International Cancer Imaging Society

International Cancer Imaging Society Meeting and 15th Annual Teaching Course

Mon 05 Oct 2015 - Wed 07 Oct 2015

Clore Education Centre, British Museum, London, UK

Targeting cancer with imaging 

Registration will open 4th March 2015.

» Other Meetings

Interactive Workshops

Masterclass in Imaging of Prostate Cancer

Thu 22 Jan 2015  &  Fri 23 Jan 2015

(now fully booked)

These one day teaching courses are limited to 40 participants, each with their own imaging workstation and content delivered through lectures and hands-on case based learning.

» Register on Waiting List 

Cancer Imaging Journal

Cancer Imaging is the official journal of ICIS, it is an open access, peer-reviewed journal with original articles as well as reviews and editorials.  The journal encompasses CT, MRI, ultrasound, single photon and positron emission tomography, including multimodality imaging in all kinds of malignant tumours, plus new developments, techniques and innovations.

About ICIS

The International Cancer Imaging Society exists to meet the important challenges of advancing imaging in the multidisciplinary management of cancer.

We promote education in oncological imaging and stimulate research in the study of human tumour behaviour, bringing together radiologists with an interest in oncological imaging for the exchange of ideas, and to organise scientific meetings, multicentre research studies and postgraduate courses within the field.



» President's Message 

Join our Society

Do you believe that Cancer Imaging is important?

If your answer is yes, join us to support and promote the education in oncological imaging and stimulate research in the study of human tumour behaviour.

As a member you will also receive:

  • Discounted registration fees for all our teaching courses
  • Exclusive access to the members' area
  • Exclusive access to posters and presentations from the annual teaching course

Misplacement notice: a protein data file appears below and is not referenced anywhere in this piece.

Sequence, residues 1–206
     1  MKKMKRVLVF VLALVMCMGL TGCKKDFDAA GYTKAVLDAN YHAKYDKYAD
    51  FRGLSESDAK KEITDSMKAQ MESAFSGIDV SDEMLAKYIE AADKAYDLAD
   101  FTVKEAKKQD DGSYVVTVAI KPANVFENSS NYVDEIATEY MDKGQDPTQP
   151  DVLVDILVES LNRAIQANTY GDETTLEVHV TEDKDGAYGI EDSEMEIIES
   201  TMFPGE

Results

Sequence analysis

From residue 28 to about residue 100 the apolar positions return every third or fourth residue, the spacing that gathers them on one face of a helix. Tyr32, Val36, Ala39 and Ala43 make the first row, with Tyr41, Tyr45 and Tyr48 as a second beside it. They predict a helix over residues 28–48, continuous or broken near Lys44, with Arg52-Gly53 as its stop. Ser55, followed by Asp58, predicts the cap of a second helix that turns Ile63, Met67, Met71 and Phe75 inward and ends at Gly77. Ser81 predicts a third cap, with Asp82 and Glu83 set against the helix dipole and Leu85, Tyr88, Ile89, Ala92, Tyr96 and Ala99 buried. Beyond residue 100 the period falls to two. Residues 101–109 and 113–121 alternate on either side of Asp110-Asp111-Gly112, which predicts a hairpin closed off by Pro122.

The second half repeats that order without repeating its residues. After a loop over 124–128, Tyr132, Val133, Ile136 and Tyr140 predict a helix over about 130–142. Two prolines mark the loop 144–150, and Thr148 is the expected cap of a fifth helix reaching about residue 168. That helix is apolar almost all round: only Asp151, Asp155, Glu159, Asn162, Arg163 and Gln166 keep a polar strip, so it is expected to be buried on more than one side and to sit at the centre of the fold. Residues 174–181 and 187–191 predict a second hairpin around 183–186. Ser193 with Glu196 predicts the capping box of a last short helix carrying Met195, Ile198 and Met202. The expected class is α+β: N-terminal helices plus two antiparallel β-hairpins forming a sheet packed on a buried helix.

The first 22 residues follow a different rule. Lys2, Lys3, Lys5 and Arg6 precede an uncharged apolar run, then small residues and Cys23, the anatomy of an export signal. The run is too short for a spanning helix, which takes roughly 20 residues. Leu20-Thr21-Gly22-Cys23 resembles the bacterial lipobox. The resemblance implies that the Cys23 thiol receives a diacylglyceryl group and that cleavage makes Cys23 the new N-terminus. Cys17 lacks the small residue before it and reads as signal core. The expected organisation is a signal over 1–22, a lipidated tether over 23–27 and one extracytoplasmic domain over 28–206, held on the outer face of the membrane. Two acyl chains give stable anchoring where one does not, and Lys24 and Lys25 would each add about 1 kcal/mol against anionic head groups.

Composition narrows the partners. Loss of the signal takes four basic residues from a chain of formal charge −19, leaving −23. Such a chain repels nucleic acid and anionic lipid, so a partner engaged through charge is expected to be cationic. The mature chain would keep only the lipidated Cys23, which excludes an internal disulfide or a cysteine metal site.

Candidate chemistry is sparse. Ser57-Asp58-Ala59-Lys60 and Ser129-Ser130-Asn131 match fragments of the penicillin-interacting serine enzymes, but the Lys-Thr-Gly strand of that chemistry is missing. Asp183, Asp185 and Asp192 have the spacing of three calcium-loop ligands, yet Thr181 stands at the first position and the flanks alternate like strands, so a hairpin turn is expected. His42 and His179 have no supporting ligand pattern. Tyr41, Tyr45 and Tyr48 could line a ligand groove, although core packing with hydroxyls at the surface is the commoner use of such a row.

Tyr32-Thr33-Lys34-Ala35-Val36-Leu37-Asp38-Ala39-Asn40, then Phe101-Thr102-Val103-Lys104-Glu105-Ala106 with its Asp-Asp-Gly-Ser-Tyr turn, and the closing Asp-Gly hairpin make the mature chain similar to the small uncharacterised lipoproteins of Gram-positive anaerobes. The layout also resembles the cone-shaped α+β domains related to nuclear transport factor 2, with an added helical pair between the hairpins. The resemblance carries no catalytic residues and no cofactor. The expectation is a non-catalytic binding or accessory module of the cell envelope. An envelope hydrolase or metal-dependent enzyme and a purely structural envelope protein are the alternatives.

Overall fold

• 15% off the APC for submitting manuscripts to Cancer Imaging

» Join now 

The prestigious ICIS Gold Medal awarded to Dr. Jay Heiken
06 November 2014

The prestigious ICIS Gold Medal awarded to Dr. Jay Heiken

At our 2014 Annual Teaching Course in Heidelberg, Germany, Dr. Jay Heiken was awarded the ICIS Gold Medal for 2014.  Prof. Rodney Reznek a long-standing colleague and friend said a few words about him.

Jay Heiken, is by any measure one of the leading radiologists in the world today. Currently Professor of Radiology, Director of Abdominal Imaging and Co-Director of Body Computed Tomography in the Mallinckrodt Institute of Radiology, St Louis, Missouri, he trained as an undergraduate and postgraduate at Columbia University in  New York. 

» Read more

A really enjoyable, informative and fun three days in a beautiful town.

KP | Royal Surrey Hospital, Guildford, UK

I am so very happy I came to ICIS this year, my first time.  Some of the talks were truly “life changing”.  I will gladly try to implement things I heard into my daily practice.  This conference showed me again what an exciting job I have and that here at ICIS I can acquire tools to truly make a difference.  Thank you!  Becoming a member of ICIS is a must!

EP | Germany

As a Radiologist who focuses on Cancer Imaging, I find ICIS courses and meetings extremely useful and stimulating. Not only do I get to meet the doyens in the field, the courses and meetings are so rich in state of art technology and new developments in the field of cancer imaging. There is no other imaging conference, that gives me so much value for the time.

BP | Australia

ICIS Interactive January 22nd / 23rd 2015 - A New Kind of Course - Prostate Cancer - Waiting List

We regret that these courses are now fully booked.  Please click on the link below to register your interest for inclusion on the waiting list.  If a place becomes available, we will contact you immediately.

To register your interest, fill in the details below and click on the "Register Interest" button.

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Medical Imaging News -- ScienceDaily

New breast exam nearly quadruples detection of invasive breast cancers in women with dense breast tissue

Published: Fri, 23 Jan 2015 15:16:04 GMT

Molecular Breast Imaging (MBI) is a supplemental imaging technology designed to find tumors that would otherwise be obscured by surrounding dense breast tissue on a mammogram. The new breast imaging technique nearly quadruples detection rates of invasive breast cancers in women with dense breast tissue, according to the results of a major study.